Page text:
dc.identifier.urihttp://hdl.handle.net/10722/254042-
dc.description.abstractIn 2013, Chinese President Xi Jinping announced that China was investing in a massive regional infrastructure plan called the “One Belt One Road.” The research project examines the“road” side of the Belt and Road—short for the Maritime Silk Road—which will connect China with Europe via Southeast Asia and Eastern Africa by paying for the construction of container ports and export processing zones in numerous countries along the way. One Belt One Road intends to continue China’s doctrine of “win-win” development by providing much needed infrastructure financing for lesser developed countries while at the same time providing opportunities for China to continue experiencing economic growth despite the slower, “new normal.” China’s shipping companies, construction companies, and banks hope to expand into new markets while at the same time host countries hope for the same success buoyed China’s own special economic zones and allowed them to rapidly develop. On top of that, it allows China to test the waters as a leader in global economic and political affairs and attempt to improve how countries both developed and developing perceive it. As a result, One Belt One Road is a very multifaceted and ambitious program for China’s future. This paper addresses a gap in research about this very new topic. Using two primary case studies, one in Africa and one in Southeast Asia, this paper analyzes potential outcomes for currently announced projects as well as what the prospects may be for future projects to evaluate the status for the Belt and Road is since its announcement four years ago. Attention is given to the current situations in these developing countries, their relations with China, and how improved infrastructure may or may not improve their economic and social development. The paper also addresses what China expects to get out of its investment, both monetarily and in international stature by increasing the number of its military abroad. Altogether, the research makes policy prescriptions as to whether the Belt and Road can truly be mutually beneficial for investor and investee and the actions policymakers should take to create a development model. -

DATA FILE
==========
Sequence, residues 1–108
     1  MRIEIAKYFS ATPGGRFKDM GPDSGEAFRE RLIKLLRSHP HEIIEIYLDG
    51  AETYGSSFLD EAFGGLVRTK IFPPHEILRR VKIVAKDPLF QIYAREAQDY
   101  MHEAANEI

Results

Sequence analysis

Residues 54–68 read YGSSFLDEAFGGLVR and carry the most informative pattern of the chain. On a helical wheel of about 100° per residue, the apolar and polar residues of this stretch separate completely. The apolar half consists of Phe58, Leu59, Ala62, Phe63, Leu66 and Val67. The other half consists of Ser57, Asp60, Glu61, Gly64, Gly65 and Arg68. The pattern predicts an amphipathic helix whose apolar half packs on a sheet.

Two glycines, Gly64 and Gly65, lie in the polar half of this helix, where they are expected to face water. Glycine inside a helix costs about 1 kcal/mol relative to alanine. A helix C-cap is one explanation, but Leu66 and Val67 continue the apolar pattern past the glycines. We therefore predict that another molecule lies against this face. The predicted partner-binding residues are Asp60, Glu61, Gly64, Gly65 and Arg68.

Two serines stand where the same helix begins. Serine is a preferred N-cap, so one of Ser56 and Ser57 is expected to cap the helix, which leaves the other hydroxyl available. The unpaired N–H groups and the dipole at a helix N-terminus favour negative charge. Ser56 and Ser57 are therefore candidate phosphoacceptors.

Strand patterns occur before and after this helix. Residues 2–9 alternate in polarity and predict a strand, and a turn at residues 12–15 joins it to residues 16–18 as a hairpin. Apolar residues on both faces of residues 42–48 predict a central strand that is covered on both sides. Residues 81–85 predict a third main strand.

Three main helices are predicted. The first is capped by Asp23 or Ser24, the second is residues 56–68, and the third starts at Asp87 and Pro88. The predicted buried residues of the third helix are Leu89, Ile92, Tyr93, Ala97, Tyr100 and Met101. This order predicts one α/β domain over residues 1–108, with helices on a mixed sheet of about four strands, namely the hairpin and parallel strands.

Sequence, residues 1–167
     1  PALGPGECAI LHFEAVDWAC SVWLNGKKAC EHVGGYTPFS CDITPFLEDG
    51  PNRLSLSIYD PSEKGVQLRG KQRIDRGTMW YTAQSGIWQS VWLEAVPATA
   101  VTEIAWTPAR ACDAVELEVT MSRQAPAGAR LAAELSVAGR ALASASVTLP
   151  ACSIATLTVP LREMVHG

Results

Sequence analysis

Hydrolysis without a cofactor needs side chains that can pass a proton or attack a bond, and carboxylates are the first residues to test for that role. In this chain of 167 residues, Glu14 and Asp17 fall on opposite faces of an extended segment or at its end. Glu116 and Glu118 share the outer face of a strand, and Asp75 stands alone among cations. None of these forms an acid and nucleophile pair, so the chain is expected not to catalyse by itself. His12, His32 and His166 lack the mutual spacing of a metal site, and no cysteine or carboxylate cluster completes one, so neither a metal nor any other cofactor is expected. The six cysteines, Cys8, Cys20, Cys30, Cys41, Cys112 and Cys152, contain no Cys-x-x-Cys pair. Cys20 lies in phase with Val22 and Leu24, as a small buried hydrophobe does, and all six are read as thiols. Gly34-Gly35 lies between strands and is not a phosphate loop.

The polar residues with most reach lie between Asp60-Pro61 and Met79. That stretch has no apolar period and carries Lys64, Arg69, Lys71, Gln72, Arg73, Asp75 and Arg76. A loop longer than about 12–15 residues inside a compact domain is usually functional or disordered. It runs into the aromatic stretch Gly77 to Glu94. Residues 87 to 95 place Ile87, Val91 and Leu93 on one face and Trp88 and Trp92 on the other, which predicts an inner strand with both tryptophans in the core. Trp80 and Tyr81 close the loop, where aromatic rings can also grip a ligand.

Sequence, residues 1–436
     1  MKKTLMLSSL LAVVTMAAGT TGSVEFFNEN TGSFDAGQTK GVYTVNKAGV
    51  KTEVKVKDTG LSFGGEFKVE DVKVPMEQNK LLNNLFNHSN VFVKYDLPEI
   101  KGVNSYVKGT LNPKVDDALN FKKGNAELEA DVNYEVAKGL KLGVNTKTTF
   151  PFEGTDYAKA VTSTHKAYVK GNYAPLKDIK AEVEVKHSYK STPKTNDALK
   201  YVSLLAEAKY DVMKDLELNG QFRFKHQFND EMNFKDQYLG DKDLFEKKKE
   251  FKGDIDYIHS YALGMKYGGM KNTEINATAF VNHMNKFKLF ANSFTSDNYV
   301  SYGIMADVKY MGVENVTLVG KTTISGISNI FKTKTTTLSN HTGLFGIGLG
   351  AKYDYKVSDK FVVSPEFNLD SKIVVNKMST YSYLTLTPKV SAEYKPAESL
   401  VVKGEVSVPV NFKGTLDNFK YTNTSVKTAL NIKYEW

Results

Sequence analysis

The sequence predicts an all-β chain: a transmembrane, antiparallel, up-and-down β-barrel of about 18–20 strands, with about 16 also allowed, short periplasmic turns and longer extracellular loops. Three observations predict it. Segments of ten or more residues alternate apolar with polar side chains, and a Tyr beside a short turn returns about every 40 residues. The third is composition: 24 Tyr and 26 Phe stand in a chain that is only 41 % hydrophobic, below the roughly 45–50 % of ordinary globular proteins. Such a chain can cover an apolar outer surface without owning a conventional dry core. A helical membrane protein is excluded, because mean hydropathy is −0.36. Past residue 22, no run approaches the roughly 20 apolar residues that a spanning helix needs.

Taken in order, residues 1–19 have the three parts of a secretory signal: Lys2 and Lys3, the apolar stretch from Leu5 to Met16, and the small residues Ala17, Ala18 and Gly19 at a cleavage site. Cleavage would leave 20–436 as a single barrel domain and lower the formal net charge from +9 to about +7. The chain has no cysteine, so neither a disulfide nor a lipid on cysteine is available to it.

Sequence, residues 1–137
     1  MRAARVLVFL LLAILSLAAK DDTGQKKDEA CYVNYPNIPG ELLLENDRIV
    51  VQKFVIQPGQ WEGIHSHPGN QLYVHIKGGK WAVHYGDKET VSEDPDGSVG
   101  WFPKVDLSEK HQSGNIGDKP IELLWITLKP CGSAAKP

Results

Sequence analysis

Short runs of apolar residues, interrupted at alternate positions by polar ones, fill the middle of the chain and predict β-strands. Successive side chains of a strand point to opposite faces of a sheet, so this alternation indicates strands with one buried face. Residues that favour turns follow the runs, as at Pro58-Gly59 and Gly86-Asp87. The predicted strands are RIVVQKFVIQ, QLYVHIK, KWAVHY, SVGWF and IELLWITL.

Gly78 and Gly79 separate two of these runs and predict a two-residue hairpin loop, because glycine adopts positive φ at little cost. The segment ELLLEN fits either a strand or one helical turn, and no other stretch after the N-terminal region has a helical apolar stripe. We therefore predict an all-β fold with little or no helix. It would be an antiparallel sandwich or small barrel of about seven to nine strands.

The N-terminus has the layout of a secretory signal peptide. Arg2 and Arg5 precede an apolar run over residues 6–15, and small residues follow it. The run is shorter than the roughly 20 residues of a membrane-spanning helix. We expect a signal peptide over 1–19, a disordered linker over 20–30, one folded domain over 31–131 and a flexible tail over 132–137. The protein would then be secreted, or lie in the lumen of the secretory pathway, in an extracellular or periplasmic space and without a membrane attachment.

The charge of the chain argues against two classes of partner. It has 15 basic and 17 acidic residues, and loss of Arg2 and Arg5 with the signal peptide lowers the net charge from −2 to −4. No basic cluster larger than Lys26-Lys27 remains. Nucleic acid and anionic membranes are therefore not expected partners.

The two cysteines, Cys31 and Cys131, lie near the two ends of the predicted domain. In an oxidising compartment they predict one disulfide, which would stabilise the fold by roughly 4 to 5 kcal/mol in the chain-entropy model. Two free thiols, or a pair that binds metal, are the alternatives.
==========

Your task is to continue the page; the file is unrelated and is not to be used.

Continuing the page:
dc.languageeng-
dc.publisherThe University of Hong Kong (Pokfulam, Hong Kong)-
dc.relation.ispartofHKU Theses Online (HKUTO)-
dc.rightsThe author retains all proprietary rights, (such as patent rights) and the right to use in future works.-
dc.rightsThis work is licensed under a Creative Commons Attribution-NonCommercial-NoDerivatives 4.0 International License.-
dc.subject.lcshTanzania - Harbors-
dc.subject.lcshTanzania - Marine terminals-
dc.subject.lcshBurma - Harbors-
dc.subject.lcshMarine terminals - Burma-
dc.titleThe impact of One Belt One Road maritime infrastructure investment on the development of partner countries in Asia and Africa-
dc.typePG_Thesis-
dc.description.thesisnameMaster of Arts in China Development Studies-
dc.description.thesislevelMaster-
dc.description.thesisdisciplineChina Development Studies-
dc.description.naturepublished_or_final_version-
dc.date.hkucongregation2017-
dc.identifier.mmsid991044010999503414-